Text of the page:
Most Infants Consume Added Sugar: Study

Is your toddler consuming added sugar?

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infants sugar
A large majority of infants between 6-11 months (61 percent) and toddlers between 12-23 months of age (98 percent) consume added sugars. Pixabay

Nearly two-thirds of infants and almost all toddlers consume added sugars in their average daily diets; primarily in the form of flavoured yogurts and fruit drinks, a study has found.

A large majority of toddlers between 6-11 months (61 percent) and toddlers between 12-23 months of age (98 percent) consume these sugars – possibly laying early foundations to unhealthy eating habits, found a study in the Journal of the Academy of Nutrition and Dietetics, published by Elsevier.

“Our study, which is the first to look at trends in added sugars consumption by infants and toddlers, documents that most infants and toddlers consume added sugars. This has important public health implications since previous research has shown that eating patterns established early in life shape later eating patterns,” explained lead investigator Kirsten A. Herrick.

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She cited an earlier study that found that 6-year-olds who had consumed any sugar-sweetened beverage (SSB) before the age of one were more than twice as likely to consume an SSB at least once a day compared to 6-year-olds who had not consumed any before the age of one.

infants sugar
Most infants and toddlers consume added sugars. This has important public health implications since previous research has shown that eating patterns established early in life shape later eating patterns. Pixabay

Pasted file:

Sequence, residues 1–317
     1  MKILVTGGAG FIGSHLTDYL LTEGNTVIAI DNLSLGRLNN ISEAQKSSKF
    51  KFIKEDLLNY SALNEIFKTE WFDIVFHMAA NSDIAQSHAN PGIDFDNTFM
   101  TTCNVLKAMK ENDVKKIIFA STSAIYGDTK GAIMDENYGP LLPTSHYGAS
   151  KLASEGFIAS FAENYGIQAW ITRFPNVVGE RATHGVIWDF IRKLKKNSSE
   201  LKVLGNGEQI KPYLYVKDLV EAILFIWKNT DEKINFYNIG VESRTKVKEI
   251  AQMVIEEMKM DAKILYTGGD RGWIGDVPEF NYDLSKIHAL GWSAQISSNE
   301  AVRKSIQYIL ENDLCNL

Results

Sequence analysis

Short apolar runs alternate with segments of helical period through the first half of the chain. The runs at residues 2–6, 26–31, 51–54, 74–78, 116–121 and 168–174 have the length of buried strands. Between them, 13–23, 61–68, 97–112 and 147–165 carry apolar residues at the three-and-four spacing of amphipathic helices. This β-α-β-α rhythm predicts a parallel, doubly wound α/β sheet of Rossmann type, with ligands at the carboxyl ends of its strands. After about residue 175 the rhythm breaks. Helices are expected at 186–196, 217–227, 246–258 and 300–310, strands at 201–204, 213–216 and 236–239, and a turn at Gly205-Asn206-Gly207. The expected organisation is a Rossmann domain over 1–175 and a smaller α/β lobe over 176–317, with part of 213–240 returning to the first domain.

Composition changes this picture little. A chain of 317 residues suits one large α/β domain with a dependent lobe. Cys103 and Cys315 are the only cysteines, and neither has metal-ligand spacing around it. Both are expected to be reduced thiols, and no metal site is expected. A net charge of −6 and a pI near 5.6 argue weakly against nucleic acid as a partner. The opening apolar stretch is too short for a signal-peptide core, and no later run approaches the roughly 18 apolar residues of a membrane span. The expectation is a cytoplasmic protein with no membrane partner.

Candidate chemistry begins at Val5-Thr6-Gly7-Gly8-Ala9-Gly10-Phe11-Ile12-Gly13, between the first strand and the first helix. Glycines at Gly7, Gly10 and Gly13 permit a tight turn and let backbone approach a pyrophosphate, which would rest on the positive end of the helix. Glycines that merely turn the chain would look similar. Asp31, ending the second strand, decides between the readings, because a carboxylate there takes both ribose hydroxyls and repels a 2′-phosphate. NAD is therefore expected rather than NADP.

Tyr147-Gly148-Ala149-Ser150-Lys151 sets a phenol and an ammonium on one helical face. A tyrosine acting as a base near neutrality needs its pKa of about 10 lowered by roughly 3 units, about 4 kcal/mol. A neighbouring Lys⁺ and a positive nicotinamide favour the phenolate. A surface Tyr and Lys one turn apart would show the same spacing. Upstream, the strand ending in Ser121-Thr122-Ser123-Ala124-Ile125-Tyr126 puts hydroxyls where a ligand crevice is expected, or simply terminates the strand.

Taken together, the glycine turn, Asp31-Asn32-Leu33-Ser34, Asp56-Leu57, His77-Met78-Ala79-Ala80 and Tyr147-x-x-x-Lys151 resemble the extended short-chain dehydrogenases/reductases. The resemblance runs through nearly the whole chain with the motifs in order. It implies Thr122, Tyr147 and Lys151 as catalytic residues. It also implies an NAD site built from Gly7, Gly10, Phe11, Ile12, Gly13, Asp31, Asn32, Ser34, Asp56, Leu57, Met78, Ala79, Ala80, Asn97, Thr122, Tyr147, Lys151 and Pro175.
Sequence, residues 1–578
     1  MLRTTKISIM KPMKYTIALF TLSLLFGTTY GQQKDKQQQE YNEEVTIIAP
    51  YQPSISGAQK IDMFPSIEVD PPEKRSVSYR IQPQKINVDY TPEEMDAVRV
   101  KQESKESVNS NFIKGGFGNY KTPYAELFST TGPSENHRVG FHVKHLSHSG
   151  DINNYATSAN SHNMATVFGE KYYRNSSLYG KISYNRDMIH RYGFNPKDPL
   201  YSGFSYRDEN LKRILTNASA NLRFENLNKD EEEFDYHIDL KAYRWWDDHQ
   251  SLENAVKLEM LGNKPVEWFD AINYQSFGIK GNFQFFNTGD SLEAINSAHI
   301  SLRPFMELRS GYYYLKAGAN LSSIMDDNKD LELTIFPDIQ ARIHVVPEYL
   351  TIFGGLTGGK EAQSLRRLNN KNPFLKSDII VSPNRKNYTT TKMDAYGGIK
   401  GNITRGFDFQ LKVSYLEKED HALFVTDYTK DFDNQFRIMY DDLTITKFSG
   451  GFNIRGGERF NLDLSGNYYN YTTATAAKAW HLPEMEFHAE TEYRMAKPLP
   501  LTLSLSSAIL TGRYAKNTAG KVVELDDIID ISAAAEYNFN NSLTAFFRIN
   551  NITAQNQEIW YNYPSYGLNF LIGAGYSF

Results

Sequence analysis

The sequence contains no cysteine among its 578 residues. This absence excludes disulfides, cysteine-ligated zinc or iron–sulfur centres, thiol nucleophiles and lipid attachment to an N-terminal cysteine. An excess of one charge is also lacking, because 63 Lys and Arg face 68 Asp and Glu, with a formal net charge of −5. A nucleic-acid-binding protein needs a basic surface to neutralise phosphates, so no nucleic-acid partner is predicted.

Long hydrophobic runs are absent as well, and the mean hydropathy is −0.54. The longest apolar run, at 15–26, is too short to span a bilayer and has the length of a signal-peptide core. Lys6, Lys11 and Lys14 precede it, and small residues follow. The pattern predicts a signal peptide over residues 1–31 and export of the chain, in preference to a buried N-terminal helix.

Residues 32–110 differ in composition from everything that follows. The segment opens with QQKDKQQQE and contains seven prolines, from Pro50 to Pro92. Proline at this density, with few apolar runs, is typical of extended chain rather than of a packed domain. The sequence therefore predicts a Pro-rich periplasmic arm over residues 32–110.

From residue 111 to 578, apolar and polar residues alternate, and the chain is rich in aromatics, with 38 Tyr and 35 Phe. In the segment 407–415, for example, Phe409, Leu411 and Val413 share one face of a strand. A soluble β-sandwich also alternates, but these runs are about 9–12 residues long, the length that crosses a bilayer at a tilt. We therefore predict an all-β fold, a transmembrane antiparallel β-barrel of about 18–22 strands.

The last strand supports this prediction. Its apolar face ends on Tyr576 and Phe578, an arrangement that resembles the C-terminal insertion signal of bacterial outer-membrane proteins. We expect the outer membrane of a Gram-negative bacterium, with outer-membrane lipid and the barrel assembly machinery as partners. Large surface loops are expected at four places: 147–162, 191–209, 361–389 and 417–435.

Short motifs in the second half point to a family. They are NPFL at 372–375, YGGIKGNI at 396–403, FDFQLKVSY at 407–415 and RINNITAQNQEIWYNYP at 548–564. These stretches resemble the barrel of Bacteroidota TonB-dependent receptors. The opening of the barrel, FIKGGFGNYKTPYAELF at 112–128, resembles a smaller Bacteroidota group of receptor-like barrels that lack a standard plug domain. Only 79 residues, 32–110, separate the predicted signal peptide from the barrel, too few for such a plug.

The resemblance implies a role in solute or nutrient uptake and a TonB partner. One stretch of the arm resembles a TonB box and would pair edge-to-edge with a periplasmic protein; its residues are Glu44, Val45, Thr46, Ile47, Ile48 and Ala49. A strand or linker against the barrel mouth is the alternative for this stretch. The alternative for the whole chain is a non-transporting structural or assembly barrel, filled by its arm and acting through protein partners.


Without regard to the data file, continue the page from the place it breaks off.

Dr. Herrick noted, “Previous research into the diets of children over two years old associated sugar consumption with the development of cavities, asthma, obesity, elevated blood pressure and altered lipid profiles.”

The findings showed that toddlers consumed about 1 teaspoon of added sugars daily (equivalent to about 2 percent of their daily caloric intake), while toddlers consumed about 6 tsp of sugars (about 8 percent of their daily caloric intake).

The top food sources of added sugars for infants included yogurt, baby snacks and sweets, and sweet bakery products. For toddlers, the top sources included fruit drinks, sweet and baked products, and sugar and candy.

According to Dr. Herrick, parents should be mindful of added sugars levels in the foods chosen when weaning their infants.

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” The transition from a milk-based diet (breast milk and formula) to table foods has an impact on nutrition, taste preference, and eating patterns. More work is needed to understand this critical period.” She recommends discussing which solid foods to introduce during weaning with a child’s healthcare provider.Nearly two-thirds of infants and almost all toddlers consume added sugars in their average daily diets; primarily in the form of flavoured yogurts and fruit drinks, a study has found.

A large majority of infants between 6-11 months (61 percent) and toddlers between 12-23 months of age (98 percent) consume these sugars – possibly laying early foundations to unhealthy eating habits, found a study in the Journal of the Academy of Nutrition and Dietetics, published by Elsevier.

“Our study, which is the first to look at trends in added sugars consumption by infants and toddlers, documents that most infants and toddlers consume added sugars. This has important public health implications since previous research has shown that eating patterns established early in life shape later eating patterns,” explained lead investigator Kirsten A. Herrick.

She cited an earlier study that found that 6-year-olds who had consumed any sugar-sweetened beverage (SSB) before the age of one were more than twice as likely to consume an SSB at least once a day compared to 6-year-olds who had not consumed any before the age of one.